From Gothic gargoyles to decadent deco and modern museums. A wander through Melbourne delivers design inspiration at every turn. Whether you’re a visitor or a local, this Classic Design Icons walk is an excellent way to spend the day. Here are just some of the fascinating stops along the trail.

Manchester Unity Building

One Gothic beauty in Melbourne’s bustling CBD is the Manchester Unity Building. Built in 1932, it was the first building in Melbourne with an escalator. The stunning entry level is lined with marble and mosaic, punctuated with copper plated elevator doors. Book a tour of the building to visit the lovingly restored eleventh-floor boardroom. You’ll also get a rare peak at the rooftop terrace, once the location for a buzzing café and tearoom.

The inside of an old-fashioned boardroom
The Manchester Unity Building boardroom

Melbourne Recital Centre

The swirling wooden interior of the Melbourne Recital Centre may look beautiful but it also serves an important function. Lauded as one of the best in the city for its state-of-the-art acoustics, it has earned its tagline as ‘the best place to hear’. The honeycomb exoskeleton and bubble-like glass exterior were designed to look like gift wrapping. Protection for the delicate ‘gift’ inside.

The Capitol

This cinema was brought to life by architects Marion Mahony Griffin and Walter Burley Griffin in 1924. Today it stands as a beautiful example of Gothic architecture. Its intricate interior attempts to capture the feeling of being inside a glittering cave. A geometric ceiling houses thousands of coloured lamps. The Capitol has been recently revived with a five-year restoration by RMIT and Six Degrees Architects.

The outside of an old-fashioned theatre
The Capitol

Old Melbourne Stock Exchange

The former stock exchange building is also a Gothic glamour. It’s decorated with gargoyles, carved stonework, and stained glass. Mid-1800s architect William Wardell designed the cathedral-like ANZ Gothic Bank building. Look up and spot the gilded ceilings that adorn the sandstone building.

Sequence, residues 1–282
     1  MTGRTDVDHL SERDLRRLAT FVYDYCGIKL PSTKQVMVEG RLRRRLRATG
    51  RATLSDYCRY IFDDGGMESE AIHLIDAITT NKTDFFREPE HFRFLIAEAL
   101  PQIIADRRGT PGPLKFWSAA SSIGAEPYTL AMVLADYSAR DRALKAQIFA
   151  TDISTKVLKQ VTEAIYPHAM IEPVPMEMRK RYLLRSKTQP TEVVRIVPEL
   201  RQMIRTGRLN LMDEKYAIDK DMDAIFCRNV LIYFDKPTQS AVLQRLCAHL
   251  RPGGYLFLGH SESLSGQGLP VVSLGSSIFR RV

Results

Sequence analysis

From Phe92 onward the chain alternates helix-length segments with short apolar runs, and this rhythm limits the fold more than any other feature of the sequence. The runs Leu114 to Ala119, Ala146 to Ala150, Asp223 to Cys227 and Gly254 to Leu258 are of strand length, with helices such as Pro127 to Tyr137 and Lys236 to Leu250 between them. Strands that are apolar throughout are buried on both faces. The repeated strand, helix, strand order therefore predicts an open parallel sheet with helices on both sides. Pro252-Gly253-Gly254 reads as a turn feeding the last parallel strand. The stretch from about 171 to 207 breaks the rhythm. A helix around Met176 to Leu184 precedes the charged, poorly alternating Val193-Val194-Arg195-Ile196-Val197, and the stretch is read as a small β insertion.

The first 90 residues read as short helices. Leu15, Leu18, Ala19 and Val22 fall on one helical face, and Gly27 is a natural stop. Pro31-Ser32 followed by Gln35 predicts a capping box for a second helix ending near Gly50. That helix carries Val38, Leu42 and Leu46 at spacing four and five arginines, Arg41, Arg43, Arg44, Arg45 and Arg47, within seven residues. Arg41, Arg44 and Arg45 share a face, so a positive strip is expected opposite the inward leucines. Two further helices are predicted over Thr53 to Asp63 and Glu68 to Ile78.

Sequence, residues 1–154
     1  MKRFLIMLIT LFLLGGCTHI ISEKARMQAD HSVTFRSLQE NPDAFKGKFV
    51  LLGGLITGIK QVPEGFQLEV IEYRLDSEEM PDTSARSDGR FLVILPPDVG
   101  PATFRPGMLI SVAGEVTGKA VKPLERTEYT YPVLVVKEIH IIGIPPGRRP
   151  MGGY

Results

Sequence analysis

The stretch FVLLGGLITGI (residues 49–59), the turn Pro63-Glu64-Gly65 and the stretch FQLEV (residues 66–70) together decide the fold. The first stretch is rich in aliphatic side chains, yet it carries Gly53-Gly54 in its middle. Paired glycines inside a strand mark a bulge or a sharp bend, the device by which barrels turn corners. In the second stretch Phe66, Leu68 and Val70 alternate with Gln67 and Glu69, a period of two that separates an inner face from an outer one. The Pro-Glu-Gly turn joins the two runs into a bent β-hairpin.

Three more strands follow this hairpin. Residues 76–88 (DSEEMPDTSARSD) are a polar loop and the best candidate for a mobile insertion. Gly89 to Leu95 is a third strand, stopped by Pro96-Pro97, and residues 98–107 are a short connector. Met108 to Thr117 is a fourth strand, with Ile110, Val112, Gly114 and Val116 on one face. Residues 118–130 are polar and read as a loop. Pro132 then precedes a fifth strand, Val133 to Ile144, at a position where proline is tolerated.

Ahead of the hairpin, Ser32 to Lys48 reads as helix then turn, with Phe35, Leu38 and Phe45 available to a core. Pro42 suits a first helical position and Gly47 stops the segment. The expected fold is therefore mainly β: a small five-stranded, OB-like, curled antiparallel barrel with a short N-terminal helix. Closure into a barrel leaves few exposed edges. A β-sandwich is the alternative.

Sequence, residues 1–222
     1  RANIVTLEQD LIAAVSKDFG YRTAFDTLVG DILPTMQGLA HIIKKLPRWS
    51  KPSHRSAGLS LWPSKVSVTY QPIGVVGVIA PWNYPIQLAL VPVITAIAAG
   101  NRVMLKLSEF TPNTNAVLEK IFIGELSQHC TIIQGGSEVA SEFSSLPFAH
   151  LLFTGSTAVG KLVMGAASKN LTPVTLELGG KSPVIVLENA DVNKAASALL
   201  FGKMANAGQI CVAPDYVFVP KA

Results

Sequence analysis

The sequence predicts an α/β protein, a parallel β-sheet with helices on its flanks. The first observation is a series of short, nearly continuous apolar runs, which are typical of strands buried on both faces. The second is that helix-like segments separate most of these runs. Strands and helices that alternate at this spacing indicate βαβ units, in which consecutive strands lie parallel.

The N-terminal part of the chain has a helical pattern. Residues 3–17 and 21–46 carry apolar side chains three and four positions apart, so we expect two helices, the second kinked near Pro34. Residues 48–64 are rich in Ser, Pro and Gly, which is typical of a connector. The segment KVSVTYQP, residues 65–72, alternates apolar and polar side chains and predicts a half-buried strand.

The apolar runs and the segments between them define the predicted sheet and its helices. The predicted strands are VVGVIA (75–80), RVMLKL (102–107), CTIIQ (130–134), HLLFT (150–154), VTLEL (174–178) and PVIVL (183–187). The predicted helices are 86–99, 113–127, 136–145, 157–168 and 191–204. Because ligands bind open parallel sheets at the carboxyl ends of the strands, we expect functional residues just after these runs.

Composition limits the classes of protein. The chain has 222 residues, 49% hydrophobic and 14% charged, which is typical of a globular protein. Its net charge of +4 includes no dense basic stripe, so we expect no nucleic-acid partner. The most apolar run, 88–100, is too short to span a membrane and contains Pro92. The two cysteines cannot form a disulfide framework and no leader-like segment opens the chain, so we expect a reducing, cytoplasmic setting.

Arts Centre Melbourne

The Arts Centre combines a twinkling spire resembling a ballerina’s tutu, with the stark, concrete curves of Hamer Hall. Inside the partly-subterranean building are a series of stages and performance rooms. Academy Award-winning costume designer John Truscott designed the lush gold and red interiors.

An aerial photo of a city at night
Arts Centre Melbourne from the sky


The monolithic exterior of the NGV International building betrays its airy, light-filled interior. Enter via the much-photographed water wall, and head towards the Great Hall. It houses the world’s largest stained glass ceiling. The gallery regularly hosts some of Australia’s best exhibitions, as well as events in the pretty rear garden.


With its striking red rusted exterior, you can't miss the Australian Centre for Contemporary Art. It was designed to resemble the warehouses and foundries that once occupied the site. Its shed-like steel and metal appearance is a sculpture in itself; a nod to the art it contains within. Speaking of art, look for the giant, yellow sculpture by Ron Robertson-Swann, and snap a picture within the walls of its geometric structure.

More historic sights in Melbourne

Mission to Seafarers

Melbourne's maritime history is on display in this heritage-listed building.

Old Treasury Building

Built during the gold rush, this heritage icon is now a museum of Melbourne history.

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Last updated on Fri 18 Jun 2021

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